Jane Ahern, a lobbyist for the League of Arizona Cities and Towns, pointed out during the Feb. 14 meeting, that if this resolution becomes law, it would put cities in a difficult position. 

In 2019, long before the superior court judge ordered Phoenix to clean up The Zone, the federal Ninth Circuit Court ruled that cities in the western United States could not enforce public camping bans for unhoused people if there weren’t open shelter beds available for those people. 

“This bill is going to put cities in an impossible legal position,” Ahern said. 

The cities will have to decide to either enforce urban camping bans in violation of the Ninth District Circuit Court or risk having to give property tax refunds to business owners. 

She added that homelessness is a critical issue that calls for comprehensive and collaborative solutions. 

“Instead of addressing the shortage of shelter capacity, this bill simply threatens to drain much needed resources and expose cities to further litigation,” she said. 

During a Jan. 22 Senate committee hearing of Senate Concurrent Resolution 1006, Sen. Mitzi Epstein, D-Tempe, said that putting a change to property tax law, which is already complicated, to the voters was the wrong choice.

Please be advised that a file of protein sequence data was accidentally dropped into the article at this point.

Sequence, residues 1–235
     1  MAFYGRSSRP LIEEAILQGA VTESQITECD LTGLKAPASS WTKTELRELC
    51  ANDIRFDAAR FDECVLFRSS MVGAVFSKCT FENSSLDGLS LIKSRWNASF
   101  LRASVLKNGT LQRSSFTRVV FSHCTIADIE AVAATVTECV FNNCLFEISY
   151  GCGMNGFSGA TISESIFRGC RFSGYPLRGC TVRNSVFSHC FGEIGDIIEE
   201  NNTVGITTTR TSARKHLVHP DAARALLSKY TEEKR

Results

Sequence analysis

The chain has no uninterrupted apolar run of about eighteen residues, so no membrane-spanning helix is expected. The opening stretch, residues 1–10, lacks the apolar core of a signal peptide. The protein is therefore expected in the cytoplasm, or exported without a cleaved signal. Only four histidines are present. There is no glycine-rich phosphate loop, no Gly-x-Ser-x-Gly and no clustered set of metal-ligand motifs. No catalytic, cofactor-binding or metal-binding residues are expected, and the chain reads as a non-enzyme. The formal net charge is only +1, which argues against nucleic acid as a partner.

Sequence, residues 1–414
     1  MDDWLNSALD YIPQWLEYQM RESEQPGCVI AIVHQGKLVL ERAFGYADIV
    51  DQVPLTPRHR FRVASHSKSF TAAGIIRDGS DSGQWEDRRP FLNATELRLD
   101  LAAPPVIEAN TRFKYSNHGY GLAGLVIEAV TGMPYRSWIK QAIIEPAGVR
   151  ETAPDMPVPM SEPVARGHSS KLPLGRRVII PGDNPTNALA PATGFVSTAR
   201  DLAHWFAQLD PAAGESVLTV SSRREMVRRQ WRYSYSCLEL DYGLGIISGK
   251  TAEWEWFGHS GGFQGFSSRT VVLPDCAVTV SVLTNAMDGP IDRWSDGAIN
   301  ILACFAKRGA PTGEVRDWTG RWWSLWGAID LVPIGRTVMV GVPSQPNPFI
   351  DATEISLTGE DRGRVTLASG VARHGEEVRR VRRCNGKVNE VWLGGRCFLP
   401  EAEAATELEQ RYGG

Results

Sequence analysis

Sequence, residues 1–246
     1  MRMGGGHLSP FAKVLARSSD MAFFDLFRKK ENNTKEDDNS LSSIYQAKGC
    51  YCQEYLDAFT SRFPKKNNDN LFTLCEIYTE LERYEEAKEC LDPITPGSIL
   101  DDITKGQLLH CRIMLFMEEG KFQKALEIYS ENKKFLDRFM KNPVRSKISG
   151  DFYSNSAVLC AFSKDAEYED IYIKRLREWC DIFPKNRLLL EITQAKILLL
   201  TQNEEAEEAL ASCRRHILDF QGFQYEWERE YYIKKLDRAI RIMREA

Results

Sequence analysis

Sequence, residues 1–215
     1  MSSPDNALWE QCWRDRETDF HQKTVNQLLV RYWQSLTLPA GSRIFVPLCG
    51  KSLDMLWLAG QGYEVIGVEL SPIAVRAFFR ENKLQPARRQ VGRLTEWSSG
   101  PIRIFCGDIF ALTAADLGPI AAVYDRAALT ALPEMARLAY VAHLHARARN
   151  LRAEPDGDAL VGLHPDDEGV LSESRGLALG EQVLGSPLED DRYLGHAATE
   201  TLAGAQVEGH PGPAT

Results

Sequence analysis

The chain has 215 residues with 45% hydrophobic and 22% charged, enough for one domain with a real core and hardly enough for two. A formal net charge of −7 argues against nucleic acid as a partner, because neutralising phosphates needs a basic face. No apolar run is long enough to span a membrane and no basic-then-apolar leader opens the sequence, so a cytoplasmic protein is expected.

“This is a really complicated tax policy that deserves our attention,” she said. 

Natalya Brown, representing the Arizona Coalition to End Sexual and Domestic Violence, told lawmakers that this resolution could have dire consequences for victims of domestic violence. 

If local law enforcement are urged to prioritize public loitering and intoxication calls, ahead of domestic violence calls, it could put those victims at risk. 

“This will cause harm to survivors, increasing the risk of crime against them and exacerbating the trauma of the violence they face,” she said. 

Sen. Justine Wadsack, R-Tucson, who has previously said that homeless people did not deserve compassion, told her fellow lawmakers that relief for property owners was imperative not just in Phoenix, but in Tucson, as well. 

“The homeless were running rampant on businesses in Tucson, breaking windows, breaking in, coming into the businesses during work hours with machetes, threatening people’s lives, causing damage to their establishment,” she said. “And let’s not forget the feces, the urine, the needles, the mattresses on the roofs of their buildings. It’s getting to the point where people are closing their doors because they don’t have any relief for the damage that they had to incur.” 

As representatives voted on the resolution Feb. 28, Rep. Quantá Crews, a Phoenix Democrat, pointed out that the bill is not really a property tax refund. Property owners could apply for refunds and receive them, but the amount of money each municipality collects would not change, putting the rest of the taxpayers on the hook for higher bills. 

“This measure is setting everyone up to fail,” Tom Savage, representing the League of Arizona Cities and Towns, told the Senate committee on Jan. 22. “It will not solve the homelessness crisis or make homelessness encampments go away.”